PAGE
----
Proliferative Verrucous Leukoplakia Treatment & Management

Updated: Feb 20, 2019
  • Author: Rahat S Azfar, MD; Chief Editor: Jeff Burgess, DDS, MSD  more...
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Treatment

Medical Care

Owing to the progressive nature of proliferative verrucous leukoplakia (PVL), many forms of therapy used for the management of traditional leukoplakia have been disappointing. Carbon dioxide laser, radiation, topical bleomycin solution, oral retinoids, beta-carotene, and systemic chemotherapy have all failed at achieving permanent cure. Although improvements have been noted with some of these modalities, recurrence rates after cessation of therapy are high, often within months of discontinuation of treatment. Topical imiquimod therapy has been suggested to be successful. [30]

Laser ablation reportedly has been successful in a very small group of patients followed for 6-178 months. [31] Diode laser based excision has been reported to achieve a good clinical response over a 2-year period in one case report of HPV-16–associated proliferative verrucous leukoplakia. [32]

Topical photodynamic therapy also may prove useful; it causes relatively low morbidity and no scarring, and multiple mucosal sites can be treated simultaneously. However, multiple treatments over the course of the disease's progression may be required.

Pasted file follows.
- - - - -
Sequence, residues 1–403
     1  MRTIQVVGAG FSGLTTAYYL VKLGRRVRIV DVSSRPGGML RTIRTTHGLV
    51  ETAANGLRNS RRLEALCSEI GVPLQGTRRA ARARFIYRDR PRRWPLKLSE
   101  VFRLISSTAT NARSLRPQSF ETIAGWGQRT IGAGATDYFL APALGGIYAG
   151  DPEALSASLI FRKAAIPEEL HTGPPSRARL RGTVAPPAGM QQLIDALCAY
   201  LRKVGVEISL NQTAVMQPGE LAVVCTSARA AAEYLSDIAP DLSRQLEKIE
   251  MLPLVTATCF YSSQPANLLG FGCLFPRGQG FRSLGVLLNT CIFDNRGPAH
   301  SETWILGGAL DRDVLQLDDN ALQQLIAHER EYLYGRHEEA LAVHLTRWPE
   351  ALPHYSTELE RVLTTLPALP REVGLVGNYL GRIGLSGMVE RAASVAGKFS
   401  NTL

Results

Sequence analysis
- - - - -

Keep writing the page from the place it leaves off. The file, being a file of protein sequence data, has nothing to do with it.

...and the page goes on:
Methisoprinol (isoprinosine or inosine pranobex) is a synthetic agent capable of inhibiting viral RNA synthesis and replication and of stimulating antiviral cell–mediated reactions that has been shown to have some clinical efficacy in HPV-induced lesions. In an open-label trial of HPV-positive patients with proliferative verrucous leukoplakia treated with surgery alone versus surgery with presurgical and postsurgical treatment with methisoprinol at 500 mg q4h for 3 days preoperatively, followed by 500 mg bid for 2 months postoperatively, 72% and 16% of patients in each respective treatment arm experienced relapse at 18-month postoperative follow-up; however, no longer-term follow-up or randomized controlled trial data are available. [33]

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Surgical Care

Surgical resection is the current treatment of choice for proliferative verrucous leukoplakia (PVL). However, given the high rate of recurrence, multiple surgical interventions may be necessary, including block resections in cases involving the gingiva. [28]

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Consultations

Consultations with an oromaxillary pathologist, oral surgeon, and otorhinolaryngologist are suggested.

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Prevention

Advise patients with proliferative verrucous leukoplakia (PVL) to avoid other known factors associated with development of oral carcinoma, such as tobacco, alcohol, and betel.

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Long-Term Monitoring

Given the high rate of malignant transformation in patients with proliferative verrucous leukoplakia (PVL), a thorough intraoral examination should be performed every 6 months, with a low threshold for biopsy of suggestive lesions.

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